So in the case of a $1MM portfolio split 60/40, the 'revalued' portfolio is reduced to $776K and a $40K annual withdrawal becomes a 5.2% draw assuming a portfolio valued right in the middle of FireCalc's data set.
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Old 05-03-2011, 07:58 AM   #10
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...do some part time work...
No way, Jose...

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Old 05-03-2011, 08:10 AM   #11
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Here's a thought on making an adjustment to FireCalc runs to reflect current valuations. The basic idea is to revalue your portfolio as if valuations were typical for the model's data set. That means a PE-10 for stocks of 16.4x compared to 23.4x today and a 10-year Interest rate of 4.7% compared to 3.3% today. To do that, simply reduce your equity balance by 30% and your fixed income balance by 11% and use the smaller portfolio for FireCalc runs.

So in the case of a $1MM portfolio split 60/40, the 'revalued' portfolio is reduced to $776K and a $40K annual withdrawal becomes a 5.2% draw assuming a portfolio valued right in the middle of FireCalc's data set.
Rather than try to massage FIRECalc numbers, cut your expenses in half or keep working until your portfolio is 2x what FIRECalc says is "safe". Either way should work - and replace concerns about running out of money with alternative forms of misery.
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Old 05-03-2011, 08:10 AM   #12
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So in the case of a $1MM portfolio split 60/40, the 'revalued' portfolio is reduced to $776K and a $40K annual withdrawal becomes a 5.2% draw assuming a portfolio valued right in the middle of FireCalc's data set.
Ouch. That math is bitter medicine. "I'd like to spin the wheel again, Pat."
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Old 05-03-2011, 08:27 AM   #13
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I just did some quick Firecalc scenarios using a span of 59 years, which presumes that I retire right now, at 41, and die at 100. Here are the results I got...

3.3% SWR rate: 100% chance of success (none of the 82 59-yr cycles failed)
3.4% SWR rate: 98.8% (1 cycle failed)
3.6% SWR rate: 97.6% (2 failed)
3.7% SWR rate: 90.2% (8 failed)
3.8% SWR rate: 86.6% (11 failed)
3.9% SWR rate: 84.1% (13 failed)
4.0% SWR rate: 81.7% (15 failed)
4.5% SWR rate: 68.3% (26 failed)
4.9% SWR rate: 50.0% (41 failed)
5.0% SWR rate: 47.6% (43 failed)

And even at the 4.9% rate, where you have a 50/50 chance of making it, the worst cycle doesn't hit zero until about 18-20 years in. So it seems to me that if you're going to fail, it would be a slow-motion train wreck, with plenty of time to correct your course. Therefore, I wonder if it would be okay to start off with a higher SWR rate, but just be prepared to cut back if it doesn't look like it's going to work.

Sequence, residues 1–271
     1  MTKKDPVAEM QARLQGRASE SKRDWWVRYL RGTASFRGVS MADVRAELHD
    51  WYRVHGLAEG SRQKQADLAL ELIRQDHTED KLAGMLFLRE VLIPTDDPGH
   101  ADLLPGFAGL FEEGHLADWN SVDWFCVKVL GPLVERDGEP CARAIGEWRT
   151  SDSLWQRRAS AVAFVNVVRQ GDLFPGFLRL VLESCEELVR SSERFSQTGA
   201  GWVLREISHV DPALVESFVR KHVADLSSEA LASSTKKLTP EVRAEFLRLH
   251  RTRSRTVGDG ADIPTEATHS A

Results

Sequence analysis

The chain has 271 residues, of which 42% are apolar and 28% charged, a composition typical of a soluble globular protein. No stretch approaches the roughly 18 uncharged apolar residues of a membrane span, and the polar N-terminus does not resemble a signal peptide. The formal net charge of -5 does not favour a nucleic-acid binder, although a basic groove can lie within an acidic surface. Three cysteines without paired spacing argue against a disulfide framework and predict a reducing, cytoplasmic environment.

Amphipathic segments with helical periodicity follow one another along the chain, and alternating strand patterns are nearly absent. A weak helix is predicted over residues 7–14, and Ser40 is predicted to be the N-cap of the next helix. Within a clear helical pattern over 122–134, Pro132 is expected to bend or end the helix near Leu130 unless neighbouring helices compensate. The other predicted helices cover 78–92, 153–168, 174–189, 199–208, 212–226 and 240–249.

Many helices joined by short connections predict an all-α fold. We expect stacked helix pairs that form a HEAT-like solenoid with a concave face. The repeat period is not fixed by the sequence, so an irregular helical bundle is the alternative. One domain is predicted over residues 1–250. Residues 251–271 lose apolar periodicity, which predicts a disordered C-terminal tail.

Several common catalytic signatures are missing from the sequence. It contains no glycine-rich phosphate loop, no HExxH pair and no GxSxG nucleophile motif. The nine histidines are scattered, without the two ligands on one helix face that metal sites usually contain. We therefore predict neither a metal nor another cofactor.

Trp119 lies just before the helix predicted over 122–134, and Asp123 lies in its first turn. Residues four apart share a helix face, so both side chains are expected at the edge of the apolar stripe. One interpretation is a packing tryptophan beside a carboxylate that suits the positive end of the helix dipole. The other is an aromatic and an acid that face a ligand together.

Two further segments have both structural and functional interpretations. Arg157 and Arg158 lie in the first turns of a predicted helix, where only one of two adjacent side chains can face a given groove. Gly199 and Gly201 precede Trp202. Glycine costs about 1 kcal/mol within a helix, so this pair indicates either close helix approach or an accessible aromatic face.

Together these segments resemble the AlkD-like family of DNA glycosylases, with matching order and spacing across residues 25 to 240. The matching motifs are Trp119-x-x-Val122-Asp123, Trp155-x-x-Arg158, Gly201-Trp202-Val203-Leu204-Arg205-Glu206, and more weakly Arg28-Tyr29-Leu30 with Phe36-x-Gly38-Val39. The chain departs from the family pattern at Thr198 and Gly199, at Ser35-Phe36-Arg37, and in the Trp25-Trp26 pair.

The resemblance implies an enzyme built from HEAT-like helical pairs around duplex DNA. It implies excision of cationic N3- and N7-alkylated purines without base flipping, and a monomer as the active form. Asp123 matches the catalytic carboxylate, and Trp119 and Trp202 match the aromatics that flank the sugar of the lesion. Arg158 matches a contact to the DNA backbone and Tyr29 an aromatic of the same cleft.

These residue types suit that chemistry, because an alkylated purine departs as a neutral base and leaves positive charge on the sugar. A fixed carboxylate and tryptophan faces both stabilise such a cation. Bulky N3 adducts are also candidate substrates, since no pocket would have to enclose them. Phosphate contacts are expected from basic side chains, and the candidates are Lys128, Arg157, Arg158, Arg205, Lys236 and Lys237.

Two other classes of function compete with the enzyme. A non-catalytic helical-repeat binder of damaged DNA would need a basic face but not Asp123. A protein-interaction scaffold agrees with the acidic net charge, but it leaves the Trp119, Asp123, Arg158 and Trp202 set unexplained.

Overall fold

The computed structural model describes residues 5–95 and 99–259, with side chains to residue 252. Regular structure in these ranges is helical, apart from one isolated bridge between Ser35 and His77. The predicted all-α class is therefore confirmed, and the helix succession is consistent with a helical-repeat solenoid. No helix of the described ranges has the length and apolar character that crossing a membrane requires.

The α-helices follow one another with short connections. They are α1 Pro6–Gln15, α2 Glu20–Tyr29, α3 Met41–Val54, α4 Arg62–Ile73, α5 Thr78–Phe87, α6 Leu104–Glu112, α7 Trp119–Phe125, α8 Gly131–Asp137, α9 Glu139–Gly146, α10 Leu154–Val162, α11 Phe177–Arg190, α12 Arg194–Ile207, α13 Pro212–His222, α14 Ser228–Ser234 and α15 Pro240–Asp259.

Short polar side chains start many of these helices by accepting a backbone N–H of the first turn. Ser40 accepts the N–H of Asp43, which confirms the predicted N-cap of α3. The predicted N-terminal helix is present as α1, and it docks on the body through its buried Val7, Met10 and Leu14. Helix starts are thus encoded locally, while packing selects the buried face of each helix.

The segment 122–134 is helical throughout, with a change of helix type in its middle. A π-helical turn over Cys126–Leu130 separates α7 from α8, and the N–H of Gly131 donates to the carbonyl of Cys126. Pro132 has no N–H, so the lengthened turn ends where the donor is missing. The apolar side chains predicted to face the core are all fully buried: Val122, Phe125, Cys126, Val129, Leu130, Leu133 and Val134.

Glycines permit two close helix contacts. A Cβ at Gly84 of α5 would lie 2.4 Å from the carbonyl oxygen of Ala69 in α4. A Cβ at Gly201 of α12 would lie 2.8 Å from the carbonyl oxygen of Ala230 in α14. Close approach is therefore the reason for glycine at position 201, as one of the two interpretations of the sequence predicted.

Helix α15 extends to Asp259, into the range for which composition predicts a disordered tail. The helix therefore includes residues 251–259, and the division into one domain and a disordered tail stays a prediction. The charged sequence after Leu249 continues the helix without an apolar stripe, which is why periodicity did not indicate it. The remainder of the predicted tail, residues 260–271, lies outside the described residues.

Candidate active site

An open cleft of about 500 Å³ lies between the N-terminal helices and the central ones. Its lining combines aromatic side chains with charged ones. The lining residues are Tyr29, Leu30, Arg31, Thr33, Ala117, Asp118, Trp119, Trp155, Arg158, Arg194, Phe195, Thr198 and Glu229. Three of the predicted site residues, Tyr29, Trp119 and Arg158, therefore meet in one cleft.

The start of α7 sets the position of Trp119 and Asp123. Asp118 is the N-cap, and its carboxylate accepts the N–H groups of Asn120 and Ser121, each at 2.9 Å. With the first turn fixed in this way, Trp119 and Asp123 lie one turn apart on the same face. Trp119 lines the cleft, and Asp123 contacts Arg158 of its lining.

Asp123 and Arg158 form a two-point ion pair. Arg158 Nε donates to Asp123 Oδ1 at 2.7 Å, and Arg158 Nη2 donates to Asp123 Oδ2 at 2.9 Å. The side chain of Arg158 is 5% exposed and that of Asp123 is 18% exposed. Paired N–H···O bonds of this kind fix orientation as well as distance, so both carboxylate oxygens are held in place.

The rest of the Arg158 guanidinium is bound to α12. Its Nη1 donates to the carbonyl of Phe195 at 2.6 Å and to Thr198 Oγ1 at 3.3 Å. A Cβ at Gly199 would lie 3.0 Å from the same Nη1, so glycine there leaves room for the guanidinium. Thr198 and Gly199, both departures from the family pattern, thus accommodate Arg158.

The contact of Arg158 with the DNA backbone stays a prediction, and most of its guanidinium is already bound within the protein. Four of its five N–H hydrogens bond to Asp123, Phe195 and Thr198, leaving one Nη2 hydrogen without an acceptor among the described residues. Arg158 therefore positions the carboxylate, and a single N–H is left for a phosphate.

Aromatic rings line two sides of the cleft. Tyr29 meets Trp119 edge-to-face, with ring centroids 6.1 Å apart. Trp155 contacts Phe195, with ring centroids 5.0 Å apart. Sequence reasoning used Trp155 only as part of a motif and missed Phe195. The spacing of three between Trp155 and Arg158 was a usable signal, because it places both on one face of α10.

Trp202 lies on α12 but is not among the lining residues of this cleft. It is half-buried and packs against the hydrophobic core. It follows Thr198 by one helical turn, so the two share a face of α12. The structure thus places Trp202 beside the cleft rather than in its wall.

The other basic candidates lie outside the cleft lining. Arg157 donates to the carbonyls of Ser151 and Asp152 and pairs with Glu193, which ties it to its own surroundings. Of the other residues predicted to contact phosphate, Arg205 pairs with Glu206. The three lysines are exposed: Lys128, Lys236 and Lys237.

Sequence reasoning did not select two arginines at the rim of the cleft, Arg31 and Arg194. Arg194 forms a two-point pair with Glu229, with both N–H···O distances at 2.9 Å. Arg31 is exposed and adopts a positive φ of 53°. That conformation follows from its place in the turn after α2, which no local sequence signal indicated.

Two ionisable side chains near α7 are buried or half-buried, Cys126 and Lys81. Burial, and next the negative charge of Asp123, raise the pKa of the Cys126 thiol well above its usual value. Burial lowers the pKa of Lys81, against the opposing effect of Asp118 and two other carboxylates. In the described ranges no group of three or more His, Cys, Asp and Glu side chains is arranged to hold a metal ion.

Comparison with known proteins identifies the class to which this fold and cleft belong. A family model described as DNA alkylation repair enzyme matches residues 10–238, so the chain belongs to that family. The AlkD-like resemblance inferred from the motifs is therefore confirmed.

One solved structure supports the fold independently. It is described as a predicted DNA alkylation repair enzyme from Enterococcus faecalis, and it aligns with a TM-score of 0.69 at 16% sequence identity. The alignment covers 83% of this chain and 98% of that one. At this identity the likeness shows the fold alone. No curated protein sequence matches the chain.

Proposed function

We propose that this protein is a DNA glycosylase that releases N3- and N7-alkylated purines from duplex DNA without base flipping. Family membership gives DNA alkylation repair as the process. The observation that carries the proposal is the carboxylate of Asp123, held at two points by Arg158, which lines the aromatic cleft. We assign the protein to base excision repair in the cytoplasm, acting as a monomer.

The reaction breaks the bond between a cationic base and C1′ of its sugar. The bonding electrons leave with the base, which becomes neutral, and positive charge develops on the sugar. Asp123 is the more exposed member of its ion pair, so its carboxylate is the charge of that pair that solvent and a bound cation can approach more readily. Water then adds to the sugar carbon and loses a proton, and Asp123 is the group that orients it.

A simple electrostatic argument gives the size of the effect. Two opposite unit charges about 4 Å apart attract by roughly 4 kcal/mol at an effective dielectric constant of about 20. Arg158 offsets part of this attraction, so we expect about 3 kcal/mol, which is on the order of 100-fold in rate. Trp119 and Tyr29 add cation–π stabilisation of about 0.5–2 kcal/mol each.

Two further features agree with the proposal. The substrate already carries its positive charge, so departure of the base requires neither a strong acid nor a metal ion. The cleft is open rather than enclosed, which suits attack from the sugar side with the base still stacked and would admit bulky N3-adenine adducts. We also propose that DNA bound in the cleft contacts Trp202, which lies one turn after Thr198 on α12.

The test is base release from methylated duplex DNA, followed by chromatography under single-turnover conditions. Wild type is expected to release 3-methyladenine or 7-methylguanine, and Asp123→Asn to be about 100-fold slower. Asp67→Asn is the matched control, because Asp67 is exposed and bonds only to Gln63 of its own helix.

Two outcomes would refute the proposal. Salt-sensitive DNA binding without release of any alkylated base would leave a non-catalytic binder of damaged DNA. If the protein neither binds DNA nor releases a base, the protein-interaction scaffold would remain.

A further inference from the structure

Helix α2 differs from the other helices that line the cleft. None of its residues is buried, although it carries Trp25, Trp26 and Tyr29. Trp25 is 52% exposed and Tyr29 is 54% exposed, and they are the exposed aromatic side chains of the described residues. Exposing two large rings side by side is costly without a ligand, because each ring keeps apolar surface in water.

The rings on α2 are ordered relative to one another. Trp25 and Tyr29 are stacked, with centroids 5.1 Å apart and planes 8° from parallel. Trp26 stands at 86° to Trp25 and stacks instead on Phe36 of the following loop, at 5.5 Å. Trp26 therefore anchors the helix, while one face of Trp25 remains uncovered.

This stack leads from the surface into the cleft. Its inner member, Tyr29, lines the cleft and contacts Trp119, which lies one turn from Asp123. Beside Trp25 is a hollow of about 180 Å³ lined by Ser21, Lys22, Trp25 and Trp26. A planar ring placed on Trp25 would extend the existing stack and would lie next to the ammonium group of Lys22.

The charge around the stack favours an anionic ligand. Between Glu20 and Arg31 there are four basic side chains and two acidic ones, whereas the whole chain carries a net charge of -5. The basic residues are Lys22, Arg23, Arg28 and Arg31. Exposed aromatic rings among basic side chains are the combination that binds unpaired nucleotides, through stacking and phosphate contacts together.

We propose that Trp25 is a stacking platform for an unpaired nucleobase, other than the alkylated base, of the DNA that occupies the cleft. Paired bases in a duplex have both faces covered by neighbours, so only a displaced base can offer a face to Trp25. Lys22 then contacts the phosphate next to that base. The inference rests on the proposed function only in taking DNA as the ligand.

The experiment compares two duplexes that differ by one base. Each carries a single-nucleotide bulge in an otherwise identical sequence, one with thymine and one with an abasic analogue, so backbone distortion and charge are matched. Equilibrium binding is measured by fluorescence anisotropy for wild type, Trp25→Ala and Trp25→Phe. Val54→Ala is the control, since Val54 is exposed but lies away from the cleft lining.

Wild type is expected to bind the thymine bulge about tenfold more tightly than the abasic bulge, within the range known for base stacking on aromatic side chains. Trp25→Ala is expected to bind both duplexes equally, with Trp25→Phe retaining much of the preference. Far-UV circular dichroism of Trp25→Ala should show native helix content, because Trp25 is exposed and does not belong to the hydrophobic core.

Also, for my calculations above, I didn't take social security into account. So, for most people, I imagine they'd have a better success rate than what I've posted above.
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Old 05-03-2011, 09:02 AM   #14
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Bob Clyatt's book provides a withdrawal method that smooths out the annual variability (with a floor at 95% of last year's withdrawal) which FIRECalc can model based on historic data.
I, too, think 4% is likely a bit too high for a retirement expected to last many decades.
I looked at Clyatt's "safe withdrawal" method/calculation, and I say UGH!!

It recomputes each year's withdrawal anew, taking 4.3% of that year's total assets, and putting a floor of 95% of the previous year's dollar amount. Your annual withdrawal "income" will vary wildly from year to year, but won't go below 95% of the previous year.

I see 2 major problems:
1) Rather than a steady progression of small "annual raises" like the standard "compute the initial WR amount once and then each subsequent year adjust that amount by inflation", you'll get a big raise when the market booms and then a series of 5% cuts when the market goes back down.
Wildly varying annual incomes are hard for most people to tolerate.

2) Sure, it uses a standard WR of 4.3%. But he includes in the calculation several things that are decidely non-typical. Like the assumed value that you could get by selling your boat, your motorcyles, second home, etc. And includes the "home equity surplus" you could realize by selling your house and downsizing to a cheaper house.
(Yeah, right----how easy is it to get a lot of money these days by selling those things? No buyers when the economy tanks, remember?)

Realistically, the example he shows on page 123 is not 4.3% withdrawal it's actually 4.6%.

As I see it, his WR method is simply a naive "take X% each year" computed on your portfolio value plus the phantom assumed value of your illiquid and questionable assets, with a floor of 95% of the previous year's amount.